The Assassination of President Abraham Lincoln


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Civil War Harper's Weekly, April 29, 1865

The April 29, 1865 edition of Harper's Weekly is a first edition description of the Assassination and Death of President Abraham Lincoln.  We present below, for your research and perusal, the entire newspaper.  Click on the thumbnails to be taken to the full, readable, rendition of that page.


Abraham Lincoln Assassination

 Assassination of Abraham Lincoln

Abraham Lincoln Death

Abraham Lincoln's Death

Lincoln's Box at Ford's Theater

President Lincoln is Shot by John Wilkes Booth

John Wilkes Booth kills Abraham Lincoln

Fort Sumter at the End of the Civil War

The Siege of Mobile Alabama

The Siege of Mobile, Alabama

President Abraham Lincoln and Flag Draped Coffin

Abraham Lincoln's Coffin

General Sherman's Army

Sherman's Army




VOL. IX. - No. 435.]



Entered according to Act of Congress, in the Year 1865, by Harper & Brothers, in the Clerk's Office of the District Court for the Southern District of New York.


THE Fourteenth of April is a dark day in our country's calendar. On that day four years ago the national flag was for the first time lowered at the bidding of traitors. Upon that day, after a desperate conflict with treason for four long, weary years—a conflict in which the nation had so far triumphed that she breathed again in the joyous prospect of coming peace —her chosen leader was stricken down by the foul hand of the cowardly assassin. Exultation that had known no bounds was exchanged for boundless grief. The record upon which had been inscribed all sorts of violence possible to the most malignant treason that ever sought to poison a nation's heart had been almost written full. But not quite full. Murder had run out its category of possible degrees against helpless loyalists in the South, against women and children whose houses had been burned down over their heads, and against our unfortunate prisoners, who had been tortured and literally starved to death. But there still remained one victim for its last rude stroke—one victim for whom, it was whispered in rebel journals South and North, there was still reserved the dagger of a BRUTUS. Beaten on every field of recognized warfare, treason outdid its very self, and killed our President.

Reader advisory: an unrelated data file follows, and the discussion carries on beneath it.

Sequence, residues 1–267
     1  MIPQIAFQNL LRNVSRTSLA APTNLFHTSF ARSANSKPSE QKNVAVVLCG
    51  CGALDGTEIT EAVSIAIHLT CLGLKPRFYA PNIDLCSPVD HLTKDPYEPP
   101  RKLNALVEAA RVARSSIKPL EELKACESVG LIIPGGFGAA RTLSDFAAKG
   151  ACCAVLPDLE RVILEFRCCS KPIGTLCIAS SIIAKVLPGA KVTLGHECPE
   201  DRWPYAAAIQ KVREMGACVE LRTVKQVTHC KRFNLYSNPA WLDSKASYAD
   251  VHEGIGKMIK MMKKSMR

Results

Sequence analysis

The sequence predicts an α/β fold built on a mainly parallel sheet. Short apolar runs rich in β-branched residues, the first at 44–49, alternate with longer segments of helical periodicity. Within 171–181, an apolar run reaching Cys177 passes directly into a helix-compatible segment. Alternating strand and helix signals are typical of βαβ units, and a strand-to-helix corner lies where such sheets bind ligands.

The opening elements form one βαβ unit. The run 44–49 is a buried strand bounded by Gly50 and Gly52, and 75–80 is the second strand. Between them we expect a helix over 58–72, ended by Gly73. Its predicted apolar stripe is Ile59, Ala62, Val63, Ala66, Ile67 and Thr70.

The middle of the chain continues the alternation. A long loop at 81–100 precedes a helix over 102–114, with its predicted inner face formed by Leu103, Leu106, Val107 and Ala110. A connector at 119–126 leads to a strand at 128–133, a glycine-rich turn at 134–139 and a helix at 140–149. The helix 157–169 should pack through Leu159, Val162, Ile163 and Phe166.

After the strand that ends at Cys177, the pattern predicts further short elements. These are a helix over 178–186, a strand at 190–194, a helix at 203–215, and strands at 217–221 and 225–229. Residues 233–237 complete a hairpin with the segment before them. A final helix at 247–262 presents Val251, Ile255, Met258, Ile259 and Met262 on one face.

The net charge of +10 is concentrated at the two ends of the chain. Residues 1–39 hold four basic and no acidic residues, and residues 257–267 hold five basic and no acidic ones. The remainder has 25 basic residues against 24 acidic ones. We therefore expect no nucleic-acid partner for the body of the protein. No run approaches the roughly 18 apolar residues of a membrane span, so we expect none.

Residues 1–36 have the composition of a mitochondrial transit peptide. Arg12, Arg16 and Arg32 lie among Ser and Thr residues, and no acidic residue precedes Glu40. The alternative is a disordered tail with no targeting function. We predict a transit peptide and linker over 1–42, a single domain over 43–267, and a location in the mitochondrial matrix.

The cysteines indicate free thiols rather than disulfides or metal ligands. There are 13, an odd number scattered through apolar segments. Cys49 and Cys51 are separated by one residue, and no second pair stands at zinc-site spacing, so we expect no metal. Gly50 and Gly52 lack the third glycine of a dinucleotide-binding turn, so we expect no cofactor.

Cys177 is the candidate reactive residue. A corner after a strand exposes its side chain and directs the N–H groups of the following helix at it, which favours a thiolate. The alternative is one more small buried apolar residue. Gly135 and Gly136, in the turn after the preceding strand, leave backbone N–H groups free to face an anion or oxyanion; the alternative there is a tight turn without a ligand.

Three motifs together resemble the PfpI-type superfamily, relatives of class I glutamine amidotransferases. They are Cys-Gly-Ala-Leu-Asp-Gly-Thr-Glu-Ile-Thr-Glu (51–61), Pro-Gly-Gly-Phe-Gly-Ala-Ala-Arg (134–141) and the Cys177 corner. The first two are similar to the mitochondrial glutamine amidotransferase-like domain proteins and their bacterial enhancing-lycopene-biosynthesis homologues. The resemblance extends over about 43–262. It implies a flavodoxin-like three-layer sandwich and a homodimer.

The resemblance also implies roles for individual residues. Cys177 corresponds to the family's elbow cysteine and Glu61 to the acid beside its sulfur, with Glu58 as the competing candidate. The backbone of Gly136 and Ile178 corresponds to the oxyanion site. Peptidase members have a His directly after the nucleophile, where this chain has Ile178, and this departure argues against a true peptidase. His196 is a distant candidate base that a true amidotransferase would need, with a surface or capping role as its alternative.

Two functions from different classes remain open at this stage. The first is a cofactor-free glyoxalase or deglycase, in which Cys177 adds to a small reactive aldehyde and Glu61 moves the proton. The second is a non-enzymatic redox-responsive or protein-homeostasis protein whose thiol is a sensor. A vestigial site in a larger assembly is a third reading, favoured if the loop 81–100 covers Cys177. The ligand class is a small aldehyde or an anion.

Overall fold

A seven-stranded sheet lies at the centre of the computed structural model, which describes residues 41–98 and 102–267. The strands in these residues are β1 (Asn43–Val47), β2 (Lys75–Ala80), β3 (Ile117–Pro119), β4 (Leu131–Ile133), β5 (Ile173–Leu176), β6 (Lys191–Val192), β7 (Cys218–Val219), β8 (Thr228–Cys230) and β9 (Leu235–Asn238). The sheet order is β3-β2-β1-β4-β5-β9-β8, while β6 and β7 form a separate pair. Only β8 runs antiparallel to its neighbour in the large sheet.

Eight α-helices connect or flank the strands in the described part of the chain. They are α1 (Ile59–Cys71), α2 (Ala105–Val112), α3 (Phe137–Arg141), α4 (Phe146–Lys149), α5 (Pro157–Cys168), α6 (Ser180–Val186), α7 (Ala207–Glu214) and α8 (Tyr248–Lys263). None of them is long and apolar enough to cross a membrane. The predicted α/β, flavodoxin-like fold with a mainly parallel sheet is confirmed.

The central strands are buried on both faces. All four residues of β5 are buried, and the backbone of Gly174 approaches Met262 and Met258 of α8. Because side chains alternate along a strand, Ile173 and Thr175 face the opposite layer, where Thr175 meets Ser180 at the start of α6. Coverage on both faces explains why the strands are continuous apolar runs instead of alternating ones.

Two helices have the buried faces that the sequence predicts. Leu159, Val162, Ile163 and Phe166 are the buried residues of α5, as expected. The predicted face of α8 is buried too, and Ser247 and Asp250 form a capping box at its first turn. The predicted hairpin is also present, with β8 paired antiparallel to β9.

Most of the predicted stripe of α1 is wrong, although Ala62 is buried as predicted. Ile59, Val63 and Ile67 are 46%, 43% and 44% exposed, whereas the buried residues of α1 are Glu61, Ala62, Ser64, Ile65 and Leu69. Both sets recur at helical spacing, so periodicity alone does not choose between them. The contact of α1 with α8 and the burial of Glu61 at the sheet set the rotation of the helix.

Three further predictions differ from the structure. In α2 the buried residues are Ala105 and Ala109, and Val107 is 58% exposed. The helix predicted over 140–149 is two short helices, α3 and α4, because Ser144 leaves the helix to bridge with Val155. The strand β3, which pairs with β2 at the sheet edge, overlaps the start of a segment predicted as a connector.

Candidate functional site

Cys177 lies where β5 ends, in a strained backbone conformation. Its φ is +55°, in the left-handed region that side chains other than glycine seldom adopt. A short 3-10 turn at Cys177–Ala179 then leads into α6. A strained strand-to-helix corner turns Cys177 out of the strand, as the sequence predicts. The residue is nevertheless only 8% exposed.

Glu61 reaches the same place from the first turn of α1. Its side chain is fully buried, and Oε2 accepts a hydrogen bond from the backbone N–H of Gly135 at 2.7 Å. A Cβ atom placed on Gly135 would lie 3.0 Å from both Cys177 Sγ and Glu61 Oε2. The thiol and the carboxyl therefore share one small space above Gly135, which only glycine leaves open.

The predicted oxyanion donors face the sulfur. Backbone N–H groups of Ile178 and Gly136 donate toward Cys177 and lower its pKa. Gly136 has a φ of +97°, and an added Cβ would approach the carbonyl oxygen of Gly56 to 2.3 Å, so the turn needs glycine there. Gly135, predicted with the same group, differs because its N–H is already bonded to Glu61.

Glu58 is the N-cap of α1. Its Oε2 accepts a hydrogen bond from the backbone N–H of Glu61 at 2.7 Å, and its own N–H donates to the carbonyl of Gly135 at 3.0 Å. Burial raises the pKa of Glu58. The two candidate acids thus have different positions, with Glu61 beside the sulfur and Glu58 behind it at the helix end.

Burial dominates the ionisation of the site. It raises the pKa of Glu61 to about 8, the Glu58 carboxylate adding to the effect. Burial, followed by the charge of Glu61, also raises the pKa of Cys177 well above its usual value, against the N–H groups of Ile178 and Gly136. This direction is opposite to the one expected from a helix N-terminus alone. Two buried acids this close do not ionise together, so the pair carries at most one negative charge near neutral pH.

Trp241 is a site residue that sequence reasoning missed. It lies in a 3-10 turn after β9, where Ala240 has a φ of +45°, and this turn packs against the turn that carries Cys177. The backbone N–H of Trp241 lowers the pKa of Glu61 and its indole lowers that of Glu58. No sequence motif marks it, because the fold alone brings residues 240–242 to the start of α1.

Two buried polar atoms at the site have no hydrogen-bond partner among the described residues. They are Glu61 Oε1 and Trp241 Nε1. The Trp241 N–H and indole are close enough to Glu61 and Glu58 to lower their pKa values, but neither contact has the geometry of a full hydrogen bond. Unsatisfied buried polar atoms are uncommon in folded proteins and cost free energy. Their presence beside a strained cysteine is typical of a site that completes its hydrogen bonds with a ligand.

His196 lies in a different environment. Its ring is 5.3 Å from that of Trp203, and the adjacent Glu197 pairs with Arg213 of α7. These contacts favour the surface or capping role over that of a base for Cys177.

The man who lent himself to traitors for this vile purpose was JOHN WILKES BOOTH, who sold himself, it may be, partly for the pieces of silver, but chiefly for the infamous notoriety attaching to such an act. There was an ancient villain who deliberately purposed to perpetuate the memory of his name among men by an act of awful sacrilege—a sacrilege so striking as never to be forgotten—and he burned the temple of the Ephesian Diana. EROSTRATUS gained his end, and has been remembered accordingly. A memory far more detestable is in store for JOHN WILKES BOOTH, who dared, by the commission of an infinitely greater sacrilege, to bring a whole people to tears.

He was the third son born in America of the

eminent English tragedian JUNIUS BRUTUS BOOTH. There were three brothers, JUNIUS BRUTUS, Jun., EDWIN, and JOHN WILKES, all of whom inherited a predilection for the stage. EDWIN, however, is the only one of these who has attained a very eminent position as an actor, and he is probably surpassed by no living man. In justice to him it is proper here to state that he is true and loyal, and exacts our sincerest sympathy. The elder BOOTH, father of these three actors, died thirteen years ago. He passed the quieter portion of his life upon his farm, in Harford County, some thirty miles from Baltimore. JOHN WILKES BOOTH, the murderer, was born in 1839, and is now only twenty-six years of age. He went upon the stage at the early age